ASTRA Central and Eastern European Women’s Network for Sexual and Reproductive Rights and Health

Dec 22 2014

Recently Aljazeera featured a long article about the reality of Poland's restrictive anti-abortion law and the sad reality of reproductive rights which Polish women face. Poland has one of the harshest abortion laws in Europe. It is a crime to terminate a pregnancy in the eastern European country except in three circumstances: cases of foetal abnormality, risk to the health and life of the mother, and rape or incest. Despite these exceptions, in reality access to abortion, where the law permits it, remains extremely limited. According to the official numbers there were 701 abortions in year 2012 (latest data available) what in a country of almost 40 million citizens serves more as an indication of the scale of the problem than as a fact.

Source: Aljazeera

Dec 19 2014

Outcome document of the Beijing +20 Regional ECE Review Meeting which took place in Geneva on November 6-7 is now available online HERE.

Dec 16 2014

Late October the Macedonian Minister of Health adopted “Rulebook on the content and manner of counseling for the pregnant woman prior to the termination of pregnancy” which instructs doctors how they should counsel those who are seeking an abortion. The document seems to be however more a guide on how to apply psychological pressure on women to change their minds and neglects the right of the woman to make a free choice on her own body.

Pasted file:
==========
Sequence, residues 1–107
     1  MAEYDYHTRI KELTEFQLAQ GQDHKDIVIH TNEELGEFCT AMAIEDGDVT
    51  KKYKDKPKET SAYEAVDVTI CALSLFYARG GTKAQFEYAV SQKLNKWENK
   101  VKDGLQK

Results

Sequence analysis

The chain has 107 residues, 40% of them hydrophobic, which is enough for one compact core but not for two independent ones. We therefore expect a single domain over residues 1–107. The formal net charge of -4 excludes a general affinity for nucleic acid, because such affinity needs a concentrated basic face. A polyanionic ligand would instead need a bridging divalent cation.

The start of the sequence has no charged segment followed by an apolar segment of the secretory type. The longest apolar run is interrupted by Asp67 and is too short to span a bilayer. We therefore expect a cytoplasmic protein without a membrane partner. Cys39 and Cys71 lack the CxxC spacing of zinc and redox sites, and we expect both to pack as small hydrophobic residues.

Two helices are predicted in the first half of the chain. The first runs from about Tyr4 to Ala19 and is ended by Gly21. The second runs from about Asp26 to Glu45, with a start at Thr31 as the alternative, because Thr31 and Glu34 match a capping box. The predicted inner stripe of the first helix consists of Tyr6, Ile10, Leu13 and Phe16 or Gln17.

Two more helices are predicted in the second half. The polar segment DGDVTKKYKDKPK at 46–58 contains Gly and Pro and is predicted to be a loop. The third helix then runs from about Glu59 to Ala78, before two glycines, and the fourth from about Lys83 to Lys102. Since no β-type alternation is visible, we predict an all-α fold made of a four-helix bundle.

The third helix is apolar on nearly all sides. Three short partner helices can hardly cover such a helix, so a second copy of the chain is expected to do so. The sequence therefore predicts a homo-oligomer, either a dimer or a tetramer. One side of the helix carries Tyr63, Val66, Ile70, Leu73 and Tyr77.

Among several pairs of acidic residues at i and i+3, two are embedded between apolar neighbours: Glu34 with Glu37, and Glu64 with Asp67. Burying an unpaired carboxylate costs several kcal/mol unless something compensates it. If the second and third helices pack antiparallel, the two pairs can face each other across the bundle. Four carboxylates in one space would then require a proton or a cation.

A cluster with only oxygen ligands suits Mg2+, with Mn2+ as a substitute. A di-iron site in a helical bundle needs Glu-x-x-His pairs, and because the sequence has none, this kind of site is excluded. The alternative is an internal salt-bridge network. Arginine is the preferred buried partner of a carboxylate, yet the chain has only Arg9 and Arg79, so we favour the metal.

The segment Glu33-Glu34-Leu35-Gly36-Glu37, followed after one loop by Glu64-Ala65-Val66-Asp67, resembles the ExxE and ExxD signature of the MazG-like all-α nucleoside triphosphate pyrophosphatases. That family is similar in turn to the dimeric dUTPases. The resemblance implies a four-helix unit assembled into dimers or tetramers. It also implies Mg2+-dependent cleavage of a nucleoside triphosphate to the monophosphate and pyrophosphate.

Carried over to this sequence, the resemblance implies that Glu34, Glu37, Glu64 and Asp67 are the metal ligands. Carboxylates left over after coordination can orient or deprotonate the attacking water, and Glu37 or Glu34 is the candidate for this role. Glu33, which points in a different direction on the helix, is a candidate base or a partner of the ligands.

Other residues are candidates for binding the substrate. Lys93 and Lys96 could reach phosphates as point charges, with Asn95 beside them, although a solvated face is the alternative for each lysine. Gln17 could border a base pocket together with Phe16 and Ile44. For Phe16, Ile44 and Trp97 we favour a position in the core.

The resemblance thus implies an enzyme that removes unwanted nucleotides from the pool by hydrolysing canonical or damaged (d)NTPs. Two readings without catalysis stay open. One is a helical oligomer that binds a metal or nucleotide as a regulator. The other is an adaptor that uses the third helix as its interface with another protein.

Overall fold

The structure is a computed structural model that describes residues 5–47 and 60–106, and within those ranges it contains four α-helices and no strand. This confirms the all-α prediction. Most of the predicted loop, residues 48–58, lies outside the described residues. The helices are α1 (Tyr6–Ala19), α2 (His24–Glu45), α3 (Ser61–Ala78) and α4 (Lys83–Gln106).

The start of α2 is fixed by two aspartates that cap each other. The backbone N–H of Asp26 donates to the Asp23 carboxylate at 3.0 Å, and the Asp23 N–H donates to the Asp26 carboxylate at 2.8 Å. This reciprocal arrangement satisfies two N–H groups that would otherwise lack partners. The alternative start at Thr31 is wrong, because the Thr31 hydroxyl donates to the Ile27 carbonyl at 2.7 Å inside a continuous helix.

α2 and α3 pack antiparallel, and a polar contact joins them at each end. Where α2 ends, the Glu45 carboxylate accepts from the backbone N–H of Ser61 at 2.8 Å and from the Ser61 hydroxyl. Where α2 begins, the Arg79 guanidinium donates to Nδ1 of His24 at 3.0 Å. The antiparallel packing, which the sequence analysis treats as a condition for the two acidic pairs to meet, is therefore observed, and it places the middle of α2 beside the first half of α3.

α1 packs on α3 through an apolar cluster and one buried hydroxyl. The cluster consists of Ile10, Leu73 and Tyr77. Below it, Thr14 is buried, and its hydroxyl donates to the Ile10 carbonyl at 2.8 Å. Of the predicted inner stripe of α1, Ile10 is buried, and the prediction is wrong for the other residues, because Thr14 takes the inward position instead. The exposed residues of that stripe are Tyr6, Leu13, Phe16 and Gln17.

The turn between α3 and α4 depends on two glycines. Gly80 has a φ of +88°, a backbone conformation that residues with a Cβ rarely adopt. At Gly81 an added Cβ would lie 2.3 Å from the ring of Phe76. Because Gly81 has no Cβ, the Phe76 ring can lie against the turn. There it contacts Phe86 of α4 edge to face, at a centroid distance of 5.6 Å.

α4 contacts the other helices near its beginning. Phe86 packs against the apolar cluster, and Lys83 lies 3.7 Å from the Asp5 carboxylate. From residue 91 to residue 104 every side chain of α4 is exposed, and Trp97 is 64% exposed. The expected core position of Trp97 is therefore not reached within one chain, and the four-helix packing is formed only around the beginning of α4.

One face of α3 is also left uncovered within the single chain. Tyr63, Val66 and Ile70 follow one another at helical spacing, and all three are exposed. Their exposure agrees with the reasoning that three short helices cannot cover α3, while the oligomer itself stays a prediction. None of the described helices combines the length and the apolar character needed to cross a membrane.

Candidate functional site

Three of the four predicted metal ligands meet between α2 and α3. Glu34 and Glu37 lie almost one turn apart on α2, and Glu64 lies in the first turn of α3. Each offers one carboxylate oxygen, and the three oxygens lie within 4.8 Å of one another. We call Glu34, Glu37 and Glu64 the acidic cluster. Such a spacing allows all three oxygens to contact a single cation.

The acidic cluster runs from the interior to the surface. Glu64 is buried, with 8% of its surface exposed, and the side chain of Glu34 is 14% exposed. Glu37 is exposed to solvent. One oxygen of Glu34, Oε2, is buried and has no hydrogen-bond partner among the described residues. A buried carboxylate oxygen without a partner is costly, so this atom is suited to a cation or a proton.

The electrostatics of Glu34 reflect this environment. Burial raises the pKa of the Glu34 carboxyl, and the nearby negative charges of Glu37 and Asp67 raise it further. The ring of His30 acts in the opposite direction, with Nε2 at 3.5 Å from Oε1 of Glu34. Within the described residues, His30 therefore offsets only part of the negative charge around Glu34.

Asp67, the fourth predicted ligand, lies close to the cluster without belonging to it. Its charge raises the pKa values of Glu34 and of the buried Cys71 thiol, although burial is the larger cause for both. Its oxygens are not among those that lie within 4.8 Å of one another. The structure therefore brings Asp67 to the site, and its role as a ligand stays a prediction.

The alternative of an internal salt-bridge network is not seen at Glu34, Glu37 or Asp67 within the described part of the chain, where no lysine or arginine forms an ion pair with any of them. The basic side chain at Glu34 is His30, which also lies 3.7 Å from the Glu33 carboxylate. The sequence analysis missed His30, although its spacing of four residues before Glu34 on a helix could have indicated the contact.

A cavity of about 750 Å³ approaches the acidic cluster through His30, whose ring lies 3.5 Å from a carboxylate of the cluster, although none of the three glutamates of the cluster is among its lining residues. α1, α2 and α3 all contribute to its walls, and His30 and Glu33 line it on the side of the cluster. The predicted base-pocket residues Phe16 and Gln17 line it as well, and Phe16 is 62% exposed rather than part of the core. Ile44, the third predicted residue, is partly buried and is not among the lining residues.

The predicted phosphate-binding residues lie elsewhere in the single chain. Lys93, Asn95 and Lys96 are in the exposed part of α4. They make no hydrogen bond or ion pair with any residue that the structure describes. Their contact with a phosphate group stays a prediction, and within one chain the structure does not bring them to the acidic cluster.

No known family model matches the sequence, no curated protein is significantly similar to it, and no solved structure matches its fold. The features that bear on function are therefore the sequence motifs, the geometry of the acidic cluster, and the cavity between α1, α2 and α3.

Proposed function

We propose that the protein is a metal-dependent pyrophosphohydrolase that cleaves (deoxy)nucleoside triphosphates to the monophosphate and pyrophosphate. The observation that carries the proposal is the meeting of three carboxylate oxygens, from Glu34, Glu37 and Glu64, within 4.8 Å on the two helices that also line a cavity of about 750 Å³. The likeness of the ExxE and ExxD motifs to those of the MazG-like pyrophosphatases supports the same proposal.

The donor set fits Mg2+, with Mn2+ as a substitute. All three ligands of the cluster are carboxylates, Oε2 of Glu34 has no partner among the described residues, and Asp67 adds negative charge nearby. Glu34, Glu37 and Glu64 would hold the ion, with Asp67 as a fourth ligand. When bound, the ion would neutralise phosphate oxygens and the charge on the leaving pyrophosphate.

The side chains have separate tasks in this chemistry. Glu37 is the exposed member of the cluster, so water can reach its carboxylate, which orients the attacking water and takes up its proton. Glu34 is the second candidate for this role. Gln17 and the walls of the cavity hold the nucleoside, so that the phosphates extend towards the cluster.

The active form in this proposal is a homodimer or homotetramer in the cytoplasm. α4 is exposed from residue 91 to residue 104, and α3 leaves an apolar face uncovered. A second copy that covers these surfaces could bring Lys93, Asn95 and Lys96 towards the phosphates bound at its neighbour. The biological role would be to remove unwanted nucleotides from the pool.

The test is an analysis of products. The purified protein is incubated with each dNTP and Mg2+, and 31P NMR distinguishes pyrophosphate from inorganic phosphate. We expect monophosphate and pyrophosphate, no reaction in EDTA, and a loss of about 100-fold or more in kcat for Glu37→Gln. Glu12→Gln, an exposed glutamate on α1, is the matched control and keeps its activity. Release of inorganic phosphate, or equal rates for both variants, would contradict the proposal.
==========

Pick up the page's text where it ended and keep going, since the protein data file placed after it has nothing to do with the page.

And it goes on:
The document, written in line with the government’s socially conservative policies that aim to portray abortion as a murder, is signed by Health Minister Nikola Todorov, and will soon be distributed to medical facilities and become obligatory for doctors. Medical professionals said that the most disturbing part of the text specifies that “during counselling (…) dynamic ultrasound images are shown [to the pregnant woman] along with description of the offspring, and she is played the heartbeat of the offspring”. The text further instructs that “the doctor should inform the woman of all the anatomical and physiological characteristics of the offspring at that gestational age”.

H.E.R.A. - the Association for Health Education and Research, ASTRA member, said that the rulebook should be withdrawn and revised because it goes against local legislative and international health conventions: “The showing of dynamic ultrasound images of the foetus, listening the heartbeat, being informed about its gestational age and explanations of the effects of the intervention are in no way linked to the health condition of the woman, and are irrelevant for the intervention itself.”

In June 2013, the government adopted new abortion legislation that critics said curbs women's rights. The changes were adopted amid protests by activists and in the absence from parliament of opposition parties. The government has also backed an anti-abortion media campaign that described terminations as murder.

Rulebook on Termination of Pregnancy

Source: H.E.R.A.; Balkan Insight

Dec 15 2014

Presidential elections will be held in Croatia on December 28th, 2014. Currently there are four candidates running for the office: Ivo Josipović, nominated by the Social Democratic Party of Croatia (SDP) and running on a centre-left platform; Kolinda Grabar-Kitarović, candidate of the Croatian Democratic Union (HDZ) running on a centre-right platform; Milan Kujundžić, member of the right-wing populist Croatian Dawn (HZ) non-parliamentary party and Ivan Vilibor Sinčić, independent political activist. The candidates were invited by the current president Ivo Josipovic to state their position on abortion. Termination of pregnancy is available in Croatias without restrictions as to reason up to ten weeks of pregnancy for all women above 16 years of age.